To Have and To Hold: Marriage in Premodern Europe

The University of Toronto held a two-day conference, entitled “To Have and to Hold: Marriage in Premodern Europe (1200-1700)”, which examined how marriage was understood and practiced during the Middle Ages and Early Modern periods.  Over a hundred scholars attended or took part in the conference, which was organized by The Centre for Reformation and Renaissance Studies.

The topics discussed at the conference included marriage rituals, customs, social expectations, polygamy, concubinage, and clandestine, mystical, and same-sex marriages.  Those attending the conference came from throughout Canada and the United States, and as far off as Italy and Australia. 

Advertisement was on hand for the second day of the conference, where we reported on the event and filmed video interviews with several of the participants.  Furthermore, Sandra Alvarez had completed a detailed report of the sessions she attended, which are now available:

Part 1: “By Force, By Love, By God”

Part 2: Wifehood as a Profession – Margharite Datini 1376- 1410

Part 3: Irregular Unions

We also recorded several interviews with conference participants, asking them about the papers they gave and their field of research:


Konrad Eisenichler – one of the organizers of the conference, he talks to us about why they decided to have a conference looking at the history of marriage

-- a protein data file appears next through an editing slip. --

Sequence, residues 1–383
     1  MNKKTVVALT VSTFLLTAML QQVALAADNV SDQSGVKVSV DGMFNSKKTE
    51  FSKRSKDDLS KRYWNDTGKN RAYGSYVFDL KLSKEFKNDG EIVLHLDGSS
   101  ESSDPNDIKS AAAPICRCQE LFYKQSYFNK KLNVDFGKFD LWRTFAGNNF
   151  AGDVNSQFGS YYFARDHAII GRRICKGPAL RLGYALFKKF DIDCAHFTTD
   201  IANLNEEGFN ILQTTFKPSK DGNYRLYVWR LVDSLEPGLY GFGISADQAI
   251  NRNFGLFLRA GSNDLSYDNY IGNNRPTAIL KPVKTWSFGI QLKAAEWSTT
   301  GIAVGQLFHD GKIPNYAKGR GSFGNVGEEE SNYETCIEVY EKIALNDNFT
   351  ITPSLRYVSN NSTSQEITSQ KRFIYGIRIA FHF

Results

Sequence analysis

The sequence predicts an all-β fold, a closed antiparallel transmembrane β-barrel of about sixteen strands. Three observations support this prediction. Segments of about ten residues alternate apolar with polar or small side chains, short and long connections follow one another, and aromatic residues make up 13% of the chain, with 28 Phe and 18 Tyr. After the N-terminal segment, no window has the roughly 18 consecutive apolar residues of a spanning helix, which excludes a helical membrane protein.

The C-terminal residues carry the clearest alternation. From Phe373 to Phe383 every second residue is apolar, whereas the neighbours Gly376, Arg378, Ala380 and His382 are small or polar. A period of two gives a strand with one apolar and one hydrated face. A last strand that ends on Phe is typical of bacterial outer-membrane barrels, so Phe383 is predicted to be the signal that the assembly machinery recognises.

Elena Brizio – talks about her paper which dealt with a marriage from Renaissance Siena, and her work with the Medici Archive Project

Michelle Armstrong Partida – discusses her paper “Married Priests? The Practice of Clerical Unions in Fourteenth-Century Catalunya

Shannon McSheffrey – discusses her research on Medieval London and using archive records

Ann Crabb – discusses her research on Margherita Datini of Prato and Florence, who lived during the 14th and 15th centuries.


Steven Bednarski – his research on court records from medieval France

Dana Wessell Lightfoot and Alexandra Guerson – we talk both of these medieval scholars, whose research focuses on medieval marriage, particularly in Spain during the Later Middle Ages.

We thank everyone involved for allowing us to be at the conference and carry out these interviews.  If any of the other people who attended the conference would like to share their views on it, please email us and we will include with this section.

Our earlier news article about the conference can be found here.

The Conference website can be found here.